And speaking of breathing, I do have to reiterate some of my confusion and annoyance at the lack of solid information concerning the vampire lore. First, I know I may be harping on this a little too hard, but can we please reach a consensus on the breathing/not breathing thing. A) You have to have airflow in order to talk; this is simple science. B) You have to be breathing in order to SMELL things. I can buy not needing to breathe, thus making extended underwater or underground activities possible, but specifically stating the characters not breathing and then having scent or speech take place directly afterwards always threw me completely out of the narrative. But it's gone through the entire series, so at least there's consistency.

Secondly, what differentiates Master Vampires from underling vampires? I understand there's a power difference, and being able to create other vampires without rabidism, but what makes them Master class in the first place? Can you will it? Is it something you inherit from your sire? Is it complete chance? Maybe, maybe this was covered in the exposition section (Part II) of The Immortal Rules, but that was so long ago (both in time and in pages) that it might have been nice for a refresher.

On the other hand, I will acknowledge that this book has amazing pacing. Allie and her crew are in a literal race against time as Sarren plans to refine and unleash a virus to wipe out all humans, rabids and vampires alike, and there is never a wasted moment. All breaks take place at times when there is no other choice, and whenever a conversation or argument goes on too long, someone always starts on the trail again. The only lull comes just before they enter Eden for the final showdown, but that serves only as a deep breath before taking the plunge. I was glued to my Kindle the entire time, finishing the whole book in two sittings.

So as the conclusion to a series, I'd say this book certainly delivered. All the characters met satisfying endings, or at least reached a place where an open-ended ending wasn't infuriating. There was a moment toward the end which foretold/spoiled the big ending reveal for me, at which point I was screaming at the characters to stop being so oblivious, but there was so much action and I was already hooked by that point so I guess it wasn't that big of a deal.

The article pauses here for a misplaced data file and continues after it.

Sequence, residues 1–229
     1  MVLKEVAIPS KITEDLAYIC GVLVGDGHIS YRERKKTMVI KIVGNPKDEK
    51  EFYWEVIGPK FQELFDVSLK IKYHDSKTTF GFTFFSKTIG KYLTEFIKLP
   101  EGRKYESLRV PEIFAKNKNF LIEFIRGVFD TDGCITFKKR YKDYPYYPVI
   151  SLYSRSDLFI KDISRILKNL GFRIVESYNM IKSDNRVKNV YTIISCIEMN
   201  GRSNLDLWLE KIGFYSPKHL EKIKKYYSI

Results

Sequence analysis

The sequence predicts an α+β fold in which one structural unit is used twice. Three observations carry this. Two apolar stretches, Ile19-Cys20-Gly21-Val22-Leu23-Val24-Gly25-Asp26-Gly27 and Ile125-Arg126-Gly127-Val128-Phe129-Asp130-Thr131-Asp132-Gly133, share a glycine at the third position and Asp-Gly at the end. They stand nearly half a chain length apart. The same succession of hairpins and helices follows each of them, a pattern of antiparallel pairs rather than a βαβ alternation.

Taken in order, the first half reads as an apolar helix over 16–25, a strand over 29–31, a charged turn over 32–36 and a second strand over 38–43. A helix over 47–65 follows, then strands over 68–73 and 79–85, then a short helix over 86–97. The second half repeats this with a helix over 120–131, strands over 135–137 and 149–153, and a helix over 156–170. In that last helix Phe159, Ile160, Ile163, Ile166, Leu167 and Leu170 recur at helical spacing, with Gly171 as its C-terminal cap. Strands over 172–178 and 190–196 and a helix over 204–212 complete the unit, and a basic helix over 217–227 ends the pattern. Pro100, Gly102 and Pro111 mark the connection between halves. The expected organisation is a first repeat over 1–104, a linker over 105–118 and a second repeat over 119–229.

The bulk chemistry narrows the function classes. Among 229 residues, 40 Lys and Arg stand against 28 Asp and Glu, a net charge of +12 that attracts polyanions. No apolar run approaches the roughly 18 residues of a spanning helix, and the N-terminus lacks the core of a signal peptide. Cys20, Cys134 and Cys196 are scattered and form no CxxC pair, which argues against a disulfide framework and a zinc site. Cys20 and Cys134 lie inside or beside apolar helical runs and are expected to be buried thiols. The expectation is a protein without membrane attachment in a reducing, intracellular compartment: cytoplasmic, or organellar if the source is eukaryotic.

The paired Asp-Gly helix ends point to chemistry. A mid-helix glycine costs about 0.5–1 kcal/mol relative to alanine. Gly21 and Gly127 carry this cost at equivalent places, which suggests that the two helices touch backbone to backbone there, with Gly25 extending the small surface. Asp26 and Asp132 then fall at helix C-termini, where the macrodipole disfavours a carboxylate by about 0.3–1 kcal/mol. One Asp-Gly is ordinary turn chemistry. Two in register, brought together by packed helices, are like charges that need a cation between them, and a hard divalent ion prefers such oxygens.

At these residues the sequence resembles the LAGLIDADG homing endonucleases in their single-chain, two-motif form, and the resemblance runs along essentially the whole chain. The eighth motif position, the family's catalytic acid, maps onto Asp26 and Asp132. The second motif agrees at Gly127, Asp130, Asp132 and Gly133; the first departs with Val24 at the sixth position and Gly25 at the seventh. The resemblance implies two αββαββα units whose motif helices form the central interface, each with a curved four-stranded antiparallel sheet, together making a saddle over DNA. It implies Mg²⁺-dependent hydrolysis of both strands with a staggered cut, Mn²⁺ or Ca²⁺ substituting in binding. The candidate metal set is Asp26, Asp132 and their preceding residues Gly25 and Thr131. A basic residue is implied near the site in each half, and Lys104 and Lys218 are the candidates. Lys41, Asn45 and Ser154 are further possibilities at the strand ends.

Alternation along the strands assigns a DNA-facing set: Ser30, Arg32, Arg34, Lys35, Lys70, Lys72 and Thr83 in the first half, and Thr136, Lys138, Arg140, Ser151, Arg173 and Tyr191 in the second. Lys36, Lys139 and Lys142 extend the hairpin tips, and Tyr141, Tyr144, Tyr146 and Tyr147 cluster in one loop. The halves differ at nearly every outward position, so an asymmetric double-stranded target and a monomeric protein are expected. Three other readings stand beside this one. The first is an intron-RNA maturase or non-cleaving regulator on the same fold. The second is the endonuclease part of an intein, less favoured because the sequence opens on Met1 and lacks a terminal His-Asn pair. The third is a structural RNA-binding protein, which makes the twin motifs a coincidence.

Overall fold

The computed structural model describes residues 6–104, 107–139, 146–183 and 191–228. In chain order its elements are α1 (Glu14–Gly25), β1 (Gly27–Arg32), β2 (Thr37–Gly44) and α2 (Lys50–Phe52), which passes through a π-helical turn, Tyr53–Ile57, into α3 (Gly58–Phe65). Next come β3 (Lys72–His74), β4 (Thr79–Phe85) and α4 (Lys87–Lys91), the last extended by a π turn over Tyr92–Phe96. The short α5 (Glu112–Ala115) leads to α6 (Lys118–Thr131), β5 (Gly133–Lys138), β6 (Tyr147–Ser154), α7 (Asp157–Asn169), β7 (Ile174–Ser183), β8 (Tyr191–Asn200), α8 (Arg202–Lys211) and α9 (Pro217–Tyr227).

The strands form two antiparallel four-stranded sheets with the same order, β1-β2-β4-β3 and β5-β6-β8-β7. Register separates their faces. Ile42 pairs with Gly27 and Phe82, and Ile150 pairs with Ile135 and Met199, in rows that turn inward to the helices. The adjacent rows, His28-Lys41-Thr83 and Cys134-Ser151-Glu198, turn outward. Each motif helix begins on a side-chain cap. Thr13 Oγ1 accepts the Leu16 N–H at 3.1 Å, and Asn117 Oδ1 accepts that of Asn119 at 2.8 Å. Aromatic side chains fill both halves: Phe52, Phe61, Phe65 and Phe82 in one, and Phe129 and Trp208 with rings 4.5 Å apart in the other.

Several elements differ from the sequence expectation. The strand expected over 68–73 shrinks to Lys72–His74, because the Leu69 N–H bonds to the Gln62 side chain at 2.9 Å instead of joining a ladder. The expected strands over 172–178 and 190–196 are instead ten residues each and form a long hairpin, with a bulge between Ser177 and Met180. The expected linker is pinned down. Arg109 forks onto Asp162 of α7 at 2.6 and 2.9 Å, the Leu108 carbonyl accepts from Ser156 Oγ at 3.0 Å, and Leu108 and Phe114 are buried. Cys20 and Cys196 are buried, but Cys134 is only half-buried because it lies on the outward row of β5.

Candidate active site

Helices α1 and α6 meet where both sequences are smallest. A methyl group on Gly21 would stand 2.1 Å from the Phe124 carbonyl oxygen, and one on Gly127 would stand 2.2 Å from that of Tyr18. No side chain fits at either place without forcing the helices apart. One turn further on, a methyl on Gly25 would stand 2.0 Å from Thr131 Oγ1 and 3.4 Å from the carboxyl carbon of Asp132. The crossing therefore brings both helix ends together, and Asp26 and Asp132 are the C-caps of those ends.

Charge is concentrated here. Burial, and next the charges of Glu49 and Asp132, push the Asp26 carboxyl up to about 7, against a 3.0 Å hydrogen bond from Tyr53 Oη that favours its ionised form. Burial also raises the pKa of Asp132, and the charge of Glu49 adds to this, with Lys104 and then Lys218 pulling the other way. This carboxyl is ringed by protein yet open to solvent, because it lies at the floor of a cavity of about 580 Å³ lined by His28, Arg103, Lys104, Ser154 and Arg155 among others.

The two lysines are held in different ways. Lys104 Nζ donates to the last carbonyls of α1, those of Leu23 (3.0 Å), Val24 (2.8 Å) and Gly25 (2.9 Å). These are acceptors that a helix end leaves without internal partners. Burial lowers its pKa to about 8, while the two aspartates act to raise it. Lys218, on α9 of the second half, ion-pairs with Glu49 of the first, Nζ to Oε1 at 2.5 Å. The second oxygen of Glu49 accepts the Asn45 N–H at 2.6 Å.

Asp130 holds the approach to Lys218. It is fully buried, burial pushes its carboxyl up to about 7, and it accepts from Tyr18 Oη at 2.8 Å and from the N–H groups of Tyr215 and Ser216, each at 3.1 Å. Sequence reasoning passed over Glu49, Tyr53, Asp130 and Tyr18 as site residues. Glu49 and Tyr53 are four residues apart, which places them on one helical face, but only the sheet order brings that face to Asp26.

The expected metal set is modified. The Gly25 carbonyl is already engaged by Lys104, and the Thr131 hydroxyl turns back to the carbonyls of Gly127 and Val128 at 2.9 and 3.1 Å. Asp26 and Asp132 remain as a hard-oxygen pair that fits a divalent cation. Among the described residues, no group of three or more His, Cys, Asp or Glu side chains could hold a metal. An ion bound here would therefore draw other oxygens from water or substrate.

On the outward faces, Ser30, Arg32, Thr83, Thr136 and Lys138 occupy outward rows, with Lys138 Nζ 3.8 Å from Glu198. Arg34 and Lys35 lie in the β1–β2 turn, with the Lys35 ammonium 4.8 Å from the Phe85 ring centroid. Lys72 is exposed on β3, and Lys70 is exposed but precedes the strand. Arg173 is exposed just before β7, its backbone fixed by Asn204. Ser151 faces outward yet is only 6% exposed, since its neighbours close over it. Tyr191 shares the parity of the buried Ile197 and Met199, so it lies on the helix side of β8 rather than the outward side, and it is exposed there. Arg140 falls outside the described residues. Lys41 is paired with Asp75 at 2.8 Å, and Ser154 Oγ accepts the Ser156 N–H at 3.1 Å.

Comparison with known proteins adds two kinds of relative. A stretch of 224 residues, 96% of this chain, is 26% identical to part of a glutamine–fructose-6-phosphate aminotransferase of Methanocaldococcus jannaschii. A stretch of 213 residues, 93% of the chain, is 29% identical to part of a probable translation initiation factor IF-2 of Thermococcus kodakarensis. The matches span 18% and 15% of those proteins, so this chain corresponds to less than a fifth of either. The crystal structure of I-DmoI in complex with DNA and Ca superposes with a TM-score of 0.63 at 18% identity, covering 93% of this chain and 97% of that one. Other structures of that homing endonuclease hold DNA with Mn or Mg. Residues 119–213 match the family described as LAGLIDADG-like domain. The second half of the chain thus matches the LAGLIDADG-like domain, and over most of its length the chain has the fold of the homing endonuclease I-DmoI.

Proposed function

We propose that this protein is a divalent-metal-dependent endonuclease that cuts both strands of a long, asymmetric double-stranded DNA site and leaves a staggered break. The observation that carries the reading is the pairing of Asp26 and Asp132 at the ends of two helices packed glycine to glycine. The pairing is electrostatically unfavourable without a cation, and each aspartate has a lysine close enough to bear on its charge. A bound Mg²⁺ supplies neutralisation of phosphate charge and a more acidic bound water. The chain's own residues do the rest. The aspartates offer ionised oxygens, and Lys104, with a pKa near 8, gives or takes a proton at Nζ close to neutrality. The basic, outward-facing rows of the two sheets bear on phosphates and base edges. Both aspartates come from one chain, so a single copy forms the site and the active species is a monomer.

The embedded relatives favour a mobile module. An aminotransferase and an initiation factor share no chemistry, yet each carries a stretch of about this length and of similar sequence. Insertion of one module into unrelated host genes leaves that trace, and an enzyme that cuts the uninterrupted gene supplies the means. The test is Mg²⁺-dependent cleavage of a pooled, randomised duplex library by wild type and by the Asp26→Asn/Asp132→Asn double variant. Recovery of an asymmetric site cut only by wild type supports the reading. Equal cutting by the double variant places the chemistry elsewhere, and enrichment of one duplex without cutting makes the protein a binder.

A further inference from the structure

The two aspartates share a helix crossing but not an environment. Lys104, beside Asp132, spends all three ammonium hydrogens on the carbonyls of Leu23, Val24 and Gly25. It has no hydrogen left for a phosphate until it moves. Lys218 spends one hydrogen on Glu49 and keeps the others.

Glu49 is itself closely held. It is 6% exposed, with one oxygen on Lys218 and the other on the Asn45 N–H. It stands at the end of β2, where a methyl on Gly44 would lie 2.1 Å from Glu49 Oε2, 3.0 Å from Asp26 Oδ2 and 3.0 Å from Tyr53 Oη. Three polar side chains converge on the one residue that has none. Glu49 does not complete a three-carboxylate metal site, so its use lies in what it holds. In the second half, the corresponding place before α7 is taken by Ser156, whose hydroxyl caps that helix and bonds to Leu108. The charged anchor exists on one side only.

Ultimately, I'm glad I read this series. I got to know some kickass and complex characters, explore a vampire-filled post-apocalyptic wasteland, and experience an action-packed, nail-bitingly intense (and at times romantic) journey toward salvation. It had its issues, some of them nearly crippling the entire series, but I came out the other side with a positive experience overall, so I'd chalk that up as a win in my book. And as I walk off into the sunset, I look forward to reading what else Ms. Kagawa has out there (and continue hoping for a Jackal spinoff).

Overall, The Forever Song was a strong and satisfying conclusion to its series. I'd highly recommend it for anyone already hooked in the Blood of Eden, or those who are interested in a gritty, post-apocalyptic* YA romance with a lot of bloody vampire action. I can't recall any language this time around, but a sex scene and a lot of gory violence has me keeping my ranking of high school and older. With questions of morality, survival, stigma, and free will combined with chases, fights, and the occasional kiss, how could you not be racing to sink your teeth into this series? And once you've devoured the first two installments, you'll definitely want to check out The Forever Song as soon as possible.

Approximate Reading Time: 8.5 hours

*Though the series is marketed as a Dystopian, I struggle to call this particular book a Dystopian. The first and second books in the series had Dystopian elements while inside the city of New Covington, but this book takes place either in the wastes, where there is no government whatsoever, or in Eden, where there is a fair and supportive government. The series as a whole also fails to incorporate many of the themes and motifs associated with the Dystopian genre. So while I begrudgingly include the Dystopian label on the previous books' reviews, I will not include it here.

Disclaimer: I received this ARC from the publisher via NetGalley in exchange for a fair and honest review.